Singing for teenagers and adults

There’s something very special and extremely personal about singing solo. While it can be terrifying the first few times you do it, you’ll soon come to realise that it can make you feel so good you’ll forget about everything else. It’s a wonderful way to connect with ourselves and others, something that can so often be left behind.

We all sang when we were little, but it’s easy to lose confidence in our ability when all it might take is some training and encouragement to re-discover something we used to do so naturally.

The balance off activities is something we will work out together, and can include:

  • correct and safe singing technique, including breathing and note production
  • how to look after your voice
  • general musicianship and music-reading
  • ear training
  • sight-singing
  • how to sing harmonies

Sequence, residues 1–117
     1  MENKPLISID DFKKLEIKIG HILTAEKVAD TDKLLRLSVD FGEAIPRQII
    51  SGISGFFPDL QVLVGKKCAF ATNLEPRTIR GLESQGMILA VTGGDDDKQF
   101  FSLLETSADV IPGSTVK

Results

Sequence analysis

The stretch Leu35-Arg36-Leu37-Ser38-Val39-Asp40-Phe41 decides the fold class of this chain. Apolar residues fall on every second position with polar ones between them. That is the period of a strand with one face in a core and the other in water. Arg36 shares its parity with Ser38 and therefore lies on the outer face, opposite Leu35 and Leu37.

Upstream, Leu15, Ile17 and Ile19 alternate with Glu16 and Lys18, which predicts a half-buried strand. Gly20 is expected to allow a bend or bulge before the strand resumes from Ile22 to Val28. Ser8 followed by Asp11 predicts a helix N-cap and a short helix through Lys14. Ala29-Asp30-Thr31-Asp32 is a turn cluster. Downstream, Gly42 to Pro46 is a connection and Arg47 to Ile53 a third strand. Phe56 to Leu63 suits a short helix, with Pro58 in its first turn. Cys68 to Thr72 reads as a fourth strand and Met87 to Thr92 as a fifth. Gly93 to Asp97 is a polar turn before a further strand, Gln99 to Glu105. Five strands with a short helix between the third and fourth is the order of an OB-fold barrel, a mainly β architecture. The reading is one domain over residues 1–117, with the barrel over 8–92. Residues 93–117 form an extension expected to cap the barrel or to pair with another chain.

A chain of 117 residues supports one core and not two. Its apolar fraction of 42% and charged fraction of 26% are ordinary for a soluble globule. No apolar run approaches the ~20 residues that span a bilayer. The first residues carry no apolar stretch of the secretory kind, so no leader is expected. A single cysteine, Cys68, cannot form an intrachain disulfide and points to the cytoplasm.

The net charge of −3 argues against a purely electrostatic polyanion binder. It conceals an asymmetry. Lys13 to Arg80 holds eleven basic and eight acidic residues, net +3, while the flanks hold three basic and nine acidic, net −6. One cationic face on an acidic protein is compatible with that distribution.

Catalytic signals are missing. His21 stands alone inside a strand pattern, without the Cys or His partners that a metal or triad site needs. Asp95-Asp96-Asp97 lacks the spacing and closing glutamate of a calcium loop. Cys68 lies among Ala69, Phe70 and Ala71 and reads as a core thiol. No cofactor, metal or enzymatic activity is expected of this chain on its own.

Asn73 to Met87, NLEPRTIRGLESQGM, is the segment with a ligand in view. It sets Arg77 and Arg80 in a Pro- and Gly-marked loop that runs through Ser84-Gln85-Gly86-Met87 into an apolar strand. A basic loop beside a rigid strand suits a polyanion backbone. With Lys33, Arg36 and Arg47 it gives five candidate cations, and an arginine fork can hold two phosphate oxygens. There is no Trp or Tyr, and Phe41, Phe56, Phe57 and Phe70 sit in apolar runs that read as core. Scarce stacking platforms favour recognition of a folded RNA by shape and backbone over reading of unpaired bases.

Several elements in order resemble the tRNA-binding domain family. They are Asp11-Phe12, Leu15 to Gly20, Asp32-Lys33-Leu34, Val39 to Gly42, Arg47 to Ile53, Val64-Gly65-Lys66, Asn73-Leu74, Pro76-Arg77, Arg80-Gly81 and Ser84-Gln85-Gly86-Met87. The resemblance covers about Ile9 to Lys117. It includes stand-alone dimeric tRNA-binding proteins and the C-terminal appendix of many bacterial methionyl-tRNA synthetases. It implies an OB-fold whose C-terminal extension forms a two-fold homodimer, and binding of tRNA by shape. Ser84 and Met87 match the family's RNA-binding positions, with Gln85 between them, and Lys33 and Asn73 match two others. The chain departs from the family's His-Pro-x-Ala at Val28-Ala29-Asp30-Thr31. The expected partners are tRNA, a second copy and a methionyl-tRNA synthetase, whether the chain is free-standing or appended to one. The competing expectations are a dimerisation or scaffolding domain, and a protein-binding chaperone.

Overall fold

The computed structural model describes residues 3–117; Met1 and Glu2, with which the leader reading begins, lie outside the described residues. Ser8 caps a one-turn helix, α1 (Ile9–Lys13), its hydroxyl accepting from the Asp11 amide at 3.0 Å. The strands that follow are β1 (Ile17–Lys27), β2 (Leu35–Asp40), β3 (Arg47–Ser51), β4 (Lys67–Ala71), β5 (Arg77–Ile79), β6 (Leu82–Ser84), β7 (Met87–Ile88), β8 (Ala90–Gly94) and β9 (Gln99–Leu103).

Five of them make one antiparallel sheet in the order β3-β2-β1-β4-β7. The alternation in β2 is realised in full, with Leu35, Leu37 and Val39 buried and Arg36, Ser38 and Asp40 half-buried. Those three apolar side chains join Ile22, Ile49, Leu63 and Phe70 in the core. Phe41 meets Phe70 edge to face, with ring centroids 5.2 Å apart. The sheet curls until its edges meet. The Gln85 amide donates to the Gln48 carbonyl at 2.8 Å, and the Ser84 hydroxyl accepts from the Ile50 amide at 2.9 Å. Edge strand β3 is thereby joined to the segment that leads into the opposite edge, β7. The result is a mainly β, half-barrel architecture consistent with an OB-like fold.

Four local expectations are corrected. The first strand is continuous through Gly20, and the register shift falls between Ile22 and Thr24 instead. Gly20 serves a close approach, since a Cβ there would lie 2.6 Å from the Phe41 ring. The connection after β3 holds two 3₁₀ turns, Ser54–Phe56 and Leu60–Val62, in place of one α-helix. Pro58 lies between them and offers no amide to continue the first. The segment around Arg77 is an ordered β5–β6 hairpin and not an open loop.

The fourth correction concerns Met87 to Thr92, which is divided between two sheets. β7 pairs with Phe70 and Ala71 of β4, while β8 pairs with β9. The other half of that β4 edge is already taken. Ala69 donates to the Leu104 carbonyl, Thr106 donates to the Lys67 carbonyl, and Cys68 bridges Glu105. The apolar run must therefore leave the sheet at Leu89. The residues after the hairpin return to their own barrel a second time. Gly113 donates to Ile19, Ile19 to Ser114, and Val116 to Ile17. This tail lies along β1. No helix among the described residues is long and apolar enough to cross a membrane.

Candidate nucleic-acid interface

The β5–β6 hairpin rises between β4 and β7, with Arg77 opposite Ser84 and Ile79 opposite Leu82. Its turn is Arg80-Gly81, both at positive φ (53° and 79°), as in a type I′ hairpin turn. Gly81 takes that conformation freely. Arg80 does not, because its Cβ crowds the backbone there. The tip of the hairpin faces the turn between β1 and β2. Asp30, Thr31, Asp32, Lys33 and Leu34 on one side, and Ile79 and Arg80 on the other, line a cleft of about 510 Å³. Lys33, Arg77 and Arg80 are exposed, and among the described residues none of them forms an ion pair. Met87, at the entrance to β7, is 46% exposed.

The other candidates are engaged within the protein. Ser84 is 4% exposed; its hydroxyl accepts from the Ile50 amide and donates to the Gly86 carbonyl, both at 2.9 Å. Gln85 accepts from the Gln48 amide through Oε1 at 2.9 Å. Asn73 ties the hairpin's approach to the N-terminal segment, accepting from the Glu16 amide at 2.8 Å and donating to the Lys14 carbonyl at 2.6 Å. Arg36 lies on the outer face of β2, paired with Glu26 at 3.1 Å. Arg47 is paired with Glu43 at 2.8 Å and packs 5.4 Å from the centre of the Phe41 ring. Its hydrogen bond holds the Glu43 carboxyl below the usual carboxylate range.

• part-singing
  • improvising
  • recording technique
  • microphone technique and performance skills
  • song writing and arranging

We’ll be singing together right from the first lesson, which means you’ll be learning to listen critically, improving your sense of pitch and rhythm, and learning how to open your mouth and take that first breath without fear.

Singing for younger learners

Children love to sing, as it’s a natural way fro them to express themselves, whether singing solo or with others. In my studio there is a difference between lessons for younger children (from age ten) and older learners (from age twelve/thirteen). Because younger singers are still growing physically the focus is less on technique and more on ear training, pitch control, breathing, and sight-singing. We do lots of singing together, including part-songs, rounds (canons), as we as working on songs that students choose themselves.

Recording is also an integral part of lessons, providing the opportunity to listen critically, and to experiment with layering harmonies and backing vocals, as well as percussion.